Workshop 2: Hearing Sciences and the Arts and Humanities
University of Nottingham, January 2022
Led by: Prof David Baguley
Deadline for submission of contribution proposals: early December 2021
This workshop will explore representations of aural diversity in the arts and in the humanities. The discussion will have both breadth (e.g. the wide range of such depictions and descriptions) and depth (e.g. consider both negative and positive aspects of hearing differently, and insights into lived experience). Perspectives from the clinic as well as those from arts and humanities practitioners and academics will be sought, and a fresh and vital dialogue between these two will be encouraged.
University of Nottingham, Thursday January 13, 2022
Led by: Prof David Baguley, Dr Alinka Greasley and Prof Andrew Hugill
This one day workshop will run online between 10am – 4.30pm, with sessions happening on Zoom. All sessions with be captioned and recorded.
10:00-10:30 | Tanvi Solanki (Yonsei University): Listening to difference: the BBC and the British Library’s Listening Project
10:30-11.15 | Introductions / catch up
11.15-11.30 | Coffee Break
11.30- 12.00 | Coreen McGuire (University of Durham): Resistance and Categorisation Construction of Hearing Loss through Telephony in Inter-War Britain
12.00-12.30 | Ed Garland (University of Aberystwyth): How does reading affect the experience of Aural Diversity?
12.30 – 13.00 | General discussion
13.00-14.00 | Lunch Break
14:00-14.30 | Matthew Spring (Bath Spa University): Digital versus Analog. A lifetime of music making using hearing aids.
14.30-15.00 | Ricardo Huisman (Sound image artist): Experience of inclusive tactile sonic sculpture installation: “the bone conductor”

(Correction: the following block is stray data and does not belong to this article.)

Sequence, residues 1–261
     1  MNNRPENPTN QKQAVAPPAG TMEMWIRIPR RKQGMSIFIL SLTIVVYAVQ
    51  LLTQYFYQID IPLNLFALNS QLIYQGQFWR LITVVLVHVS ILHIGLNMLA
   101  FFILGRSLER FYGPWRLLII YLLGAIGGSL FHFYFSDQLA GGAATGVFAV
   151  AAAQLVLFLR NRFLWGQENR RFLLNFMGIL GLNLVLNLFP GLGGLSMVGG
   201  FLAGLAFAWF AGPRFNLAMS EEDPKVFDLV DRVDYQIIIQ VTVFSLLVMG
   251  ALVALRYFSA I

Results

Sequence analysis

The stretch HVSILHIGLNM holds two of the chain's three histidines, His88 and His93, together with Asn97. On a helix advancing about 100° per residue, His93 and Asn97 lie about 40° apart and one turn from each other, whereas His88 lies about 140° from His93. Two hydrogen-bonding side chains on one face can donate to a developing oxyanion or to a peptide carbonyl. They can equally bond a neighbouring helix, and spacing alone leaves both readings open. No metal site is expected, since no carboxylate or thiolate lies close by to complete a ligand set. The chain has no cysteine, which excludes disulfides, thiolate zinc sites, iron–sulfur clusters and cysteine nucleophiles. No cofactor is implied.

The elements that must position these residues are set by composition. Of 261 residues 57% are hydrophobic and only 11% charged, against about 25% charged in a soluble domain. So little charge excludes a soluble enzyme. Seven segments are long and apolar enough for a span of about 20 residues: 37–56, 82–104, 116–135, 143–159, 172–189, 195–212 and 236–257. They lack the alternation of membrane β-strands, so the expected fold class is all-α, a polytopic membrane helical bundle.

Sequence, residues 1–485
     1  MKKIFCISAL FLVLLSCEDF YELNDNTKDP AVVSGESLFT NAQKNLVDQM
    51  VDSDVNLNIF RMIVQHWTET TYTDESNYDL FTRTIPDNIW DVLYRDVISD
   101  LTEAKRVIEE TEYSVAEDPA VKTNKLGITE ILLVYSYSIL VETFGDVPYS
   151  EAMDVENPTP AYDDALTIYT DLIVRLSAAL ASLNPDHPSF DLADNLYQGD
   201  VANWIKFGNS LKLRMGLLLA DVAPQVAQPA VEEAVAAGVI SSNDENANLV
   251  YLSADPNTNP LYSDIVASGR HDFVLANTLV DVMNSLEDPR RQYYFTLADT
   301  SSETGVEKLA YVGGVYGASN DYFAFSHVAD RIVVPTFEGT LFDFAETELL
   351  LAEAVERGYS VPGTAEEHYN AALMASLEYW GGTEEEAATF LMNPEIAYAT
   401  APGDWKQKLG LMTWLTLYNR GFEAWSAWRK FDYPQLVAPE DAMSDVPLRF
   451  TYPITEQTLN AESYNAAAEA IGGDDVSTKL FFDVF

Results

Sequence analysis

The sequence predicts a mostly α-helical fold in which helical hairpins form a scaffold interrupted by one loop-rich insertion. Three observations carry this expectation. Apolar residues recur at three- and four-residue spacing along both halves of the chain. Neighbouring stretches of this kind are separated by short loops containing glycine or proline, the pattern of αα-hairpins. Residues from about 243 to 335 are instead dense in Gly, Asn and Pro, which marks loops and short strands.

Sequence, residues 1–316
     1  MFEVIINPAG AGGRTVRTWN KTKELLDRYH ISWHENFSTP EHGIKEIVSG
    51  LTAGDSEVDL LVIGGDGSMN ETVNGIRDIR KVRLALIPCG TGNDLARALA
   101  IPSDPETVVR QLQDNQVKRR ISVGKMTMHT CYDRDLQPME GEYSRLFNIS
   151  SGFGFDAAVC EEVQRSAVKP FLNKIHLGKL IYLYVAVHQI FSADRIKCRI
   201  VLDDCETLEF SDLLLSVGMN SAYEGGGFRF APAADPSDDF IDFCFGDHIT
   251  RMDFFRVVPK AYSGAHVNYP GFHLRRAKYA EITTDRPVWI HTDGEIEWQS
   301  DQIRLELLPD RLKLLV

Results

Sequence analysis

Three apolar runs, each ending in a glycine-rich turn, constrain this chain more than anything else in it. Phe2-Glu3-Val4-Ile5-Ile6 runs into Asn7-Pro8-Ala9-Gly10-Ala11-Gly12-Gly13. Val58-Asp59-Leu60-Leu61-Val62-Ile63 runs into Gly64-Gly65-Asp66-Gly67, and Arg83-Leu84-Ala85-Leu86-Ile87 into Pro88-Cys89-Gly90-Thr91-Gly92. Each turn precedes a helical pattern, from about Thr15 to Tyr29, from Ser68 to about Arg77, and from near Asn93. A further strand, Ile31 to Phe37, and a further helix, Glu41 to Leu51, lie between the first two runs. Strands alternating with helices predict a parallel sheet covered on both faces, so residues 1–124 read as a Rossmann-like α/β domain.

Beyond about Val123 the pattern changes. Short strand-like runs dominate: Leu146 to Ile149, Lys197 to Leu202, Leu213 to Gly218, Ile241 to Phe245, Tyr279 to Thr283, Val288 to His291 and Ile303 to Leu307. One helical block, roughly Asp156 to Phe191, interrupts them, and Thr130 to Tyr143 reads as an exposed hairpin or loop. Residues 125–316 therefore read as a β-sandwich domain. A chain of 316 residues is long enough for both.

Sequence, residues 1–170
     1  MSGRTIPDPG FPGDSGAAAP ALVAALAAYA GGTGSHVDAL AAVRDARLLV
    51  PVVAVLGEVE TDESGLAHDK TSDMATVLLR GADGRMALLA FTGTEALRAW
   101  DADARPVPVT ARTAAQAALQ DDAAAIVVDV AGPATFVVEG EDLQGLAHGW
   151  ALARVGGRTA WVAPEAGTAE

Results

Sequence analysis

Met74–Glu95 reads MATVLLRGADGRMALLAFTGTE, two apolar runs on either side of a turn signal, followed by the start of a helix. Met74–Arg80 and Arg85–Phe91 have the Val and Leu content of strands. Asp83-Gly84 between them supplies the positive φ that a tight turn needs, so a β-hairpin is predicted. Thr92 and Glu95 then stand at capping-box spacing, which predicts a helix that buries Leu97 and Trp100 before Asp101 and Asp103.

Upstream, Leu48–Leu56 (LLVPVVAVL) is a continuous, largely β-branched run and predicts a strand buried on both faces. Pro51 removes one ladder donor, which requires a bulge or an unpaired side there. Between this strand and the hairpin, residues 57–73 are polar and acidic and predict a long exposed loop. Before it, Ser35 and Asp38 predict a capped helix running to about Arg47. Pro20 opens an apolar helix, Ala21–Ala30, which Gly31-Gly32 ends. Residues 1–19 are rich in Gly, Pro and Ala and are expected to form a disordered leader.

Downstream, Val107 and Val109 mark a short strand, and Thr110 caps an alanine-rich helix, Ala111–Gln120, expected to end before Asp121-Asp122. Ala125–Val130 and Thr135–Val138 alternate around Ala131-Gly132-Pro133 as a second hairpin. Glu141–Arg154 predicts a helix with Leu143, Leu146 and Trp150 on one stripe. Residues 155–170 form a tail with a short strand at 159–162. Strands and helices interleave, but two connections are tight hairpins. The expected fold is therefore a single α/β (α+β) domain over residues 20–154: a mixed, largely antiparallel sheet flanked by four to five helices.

15.00 – 15.15 | Coffee Break
15:15 – 16.30 | Developing funding bids (Spatial Chat)
Please do get in touch if you have any access requirements or further questions: firstname.lastname@example.org
Everybody hears differently! But our world is built on an assumption that everybody has the ears of a healthy 18-year old (BSISO226:2003; Sterne 2012). In fact, our hearing changes all the time. We experience varying amounts of hearing loss as we age (presbyacusis). Millions of people suffer from a range of more severe hearing losses related to conditions, disorders, traumas and shocks. And differences in hearing need not necessarily mean loss. Increased sound sensitivity (hyperacusis), aversion to sounds (misophonia), and tinnitus are experienced by many. The Aural Diversity network seeks to address this complex picture by researching differences in hearing and listening, bringing together scholars and practitioners working across a broad range of disciplines such as music and performance arts, sound studies and soundscape, sound environment design, acoustics and noise studies, transport, and speech.